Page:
Ivan the Terrible

IVAN THE TERRIBLE, PART II twe-ussR). partial color. Directed by Sergei eisenstein,
music by PROKOFIEV. The great Soviet director intended (hat each part of his monumental epic be seen and
understood separately, although the whole would offer a comprehensive view of Ivan’s personality. Pan il be
gins with highlights from Part I, summarizing the events leading to the Czar’s self-imposed exile from Moscow.
When Ivan returns, he is weary of war and internal strife, Philip, one of his closest friends, denounces him
unjustly for having murdered a group of boyars. Ivan is outraged, and cries out that he will in fact become
what Philip has named him: “Ivan the Terrible.” He immediately has Philip arrested, and, learning of his
aunt’s plot to have him murdered, devises a scheme (hat results in her slaying her own son. The banquet
scene, during which the slaying occurs, is a delirious, overpowering combination of spectacular staging, rapid
editing, histrionic acting, and wild music. It was filmed in color, and remains (he only color sequence of Ei.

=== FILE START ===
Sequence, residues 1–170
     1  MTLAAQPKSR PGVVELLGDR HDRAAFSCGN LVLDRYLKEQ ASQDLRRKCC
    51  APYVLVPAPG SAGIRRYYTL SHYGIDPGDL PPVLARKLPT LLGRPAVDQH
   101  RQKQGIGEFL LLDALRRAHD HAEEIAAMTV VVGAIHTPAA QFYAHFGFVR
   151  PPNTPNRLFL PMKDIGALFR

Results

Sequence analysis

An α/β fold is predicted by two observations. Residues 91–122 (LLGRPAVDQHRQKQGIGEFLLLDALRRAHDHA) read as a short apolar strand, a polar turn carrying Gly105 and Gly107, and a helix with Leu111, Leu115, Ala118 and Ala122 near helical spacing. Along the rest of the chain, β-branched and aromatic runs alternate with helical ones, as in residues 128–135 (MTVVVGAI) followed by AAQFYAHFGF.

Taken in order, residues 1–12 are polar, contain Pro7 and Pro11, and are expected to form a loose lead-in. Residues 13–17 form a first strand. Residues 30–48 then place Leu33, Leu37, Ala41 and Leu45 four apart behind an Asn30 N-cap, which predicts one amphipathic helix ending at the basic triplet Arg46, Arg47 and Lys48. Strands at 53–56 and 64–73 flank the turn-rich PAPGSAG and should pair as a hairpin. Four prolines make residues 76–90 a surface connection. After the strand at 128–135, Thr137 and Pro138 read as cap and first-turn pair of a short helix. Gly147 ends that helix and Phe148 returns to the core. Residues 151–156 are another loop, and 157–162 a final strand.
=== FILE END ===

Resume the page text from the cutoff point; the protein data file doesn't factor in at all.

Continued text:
senstein’5 career. Eisenstein had planned to continue Ivan’s story in Part Hi, entirely in color, but he died
shortly after filming on (hat part had begun. In the meantime, the Soviet Government, considering Part II a
disguised attack on Slalin, caHed It “anti-historical and anti-artistic,” and banned the film from exhibitionÑa
ban that was finally lifted in 1958. Whether viewed together with Part I or separately, Part II is a magnificent,
incomparable experience. As Sight and Sound magazine said, it is “a thrilling film, showing Eisenstein at the
height of his powers, a film artist in unequalled control of his medium,” In Russian with English subtitles.
82 minutes, $24.95